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How Hue Jackson, Browns try to create a 'QB-friendly' environment

CANTON — The Browns have yet to establish a long-term answer at quarterback but that won't stop them from creating an environment conducive to finding one.

It's something that second-year coach Hue Jackson, who's widely regarded for his tutoring of signal-callers across the league, has long spoken of as Cleveland enters its fourth week of offseason workouts and prepares for Friday's rookie minicamp.

That, of course, will be the first time Jackson gets to work with Notre Dame quarterback and second-round NFL Draft pick DeShone Kizer, who will compete with Cody Kessler, Brock Osweiler and Kevin Hogan for a starting role on a new-look Browns offense.

All four will have the opportunity to earn that job in the coming weeks and months. And Jackson will make sure they have the tools to succeed, both on the field and in the locker room, as part of what vice president of player personnel Andrew Berry described as a "holistic" approach to the position.

Berry, who spoke Monday at the Pro Football Hall of Fame Luncheon, said Jackson and the coaching staff work to create a favorable situation for their signal-callers, something the Browns did this past offseason by fortifying the interior offensive line with the signings of Kevin Zeitler and JC Tretter.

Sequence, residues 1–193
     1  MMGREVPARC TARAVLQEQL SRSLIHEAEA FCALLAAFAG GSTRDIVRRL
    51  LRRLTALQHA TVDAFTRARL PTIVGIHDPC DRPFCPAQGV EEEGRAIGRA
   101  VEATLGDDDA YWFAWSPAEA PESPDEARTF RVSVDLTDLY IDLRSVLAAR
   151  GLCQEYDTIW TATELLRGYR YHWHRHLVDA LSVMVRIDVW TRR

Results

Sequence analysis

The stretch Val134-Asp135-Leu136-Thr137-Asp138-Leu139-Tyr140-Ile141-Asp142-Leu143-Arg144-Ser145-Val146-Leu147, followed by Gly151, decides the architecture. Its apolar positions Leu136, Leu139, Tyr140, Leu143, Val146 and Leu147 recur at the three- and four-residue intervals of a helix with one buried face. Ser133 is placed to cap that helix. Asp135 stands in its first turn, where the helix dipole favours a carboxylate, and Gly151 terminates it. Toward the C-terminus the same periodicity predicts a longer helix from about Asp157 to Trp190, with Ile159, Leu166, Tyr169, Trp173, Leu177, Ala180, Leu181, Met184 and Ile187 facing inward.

The next component, Berry said, is mental preparation, "whether it's from a sports performance perspective as well as what you need to do in the locker room being the quarterback of an NFL franchise."

On the field, "Hue has a unique way of making a system quarterback friendly so everything is done to make it easy on the quarterback," Berry said. 

"And we use this term a lot — 'conceptual learning' — in Cleveland and it's the idea that, 'Hey, look, if I can teach you these five or 10 building blocks, everything else in the offense will be a variation of those," he continued. "So if you can understand those, you'll be able to understand this voluminous playbook a lot more quickly than other systems in the NFL because of how he builds his playbooks in concepts, which isn't necessarily commonplace across the rest of the league."

To be sure, Jackson made it clear last month Cleveland isn't rushing to anoint a starter.

"I just want to get them on the practice field and just kind of groom these guys along with (quarterbacks) coach (David) Lee and see where we can take this group, but I think there's talent there," he said.

"Now, is it exactly what we want yet? We will find out. I don't think that is a question we have to answer today, but I'm excited about the guys we have in that room to work with."

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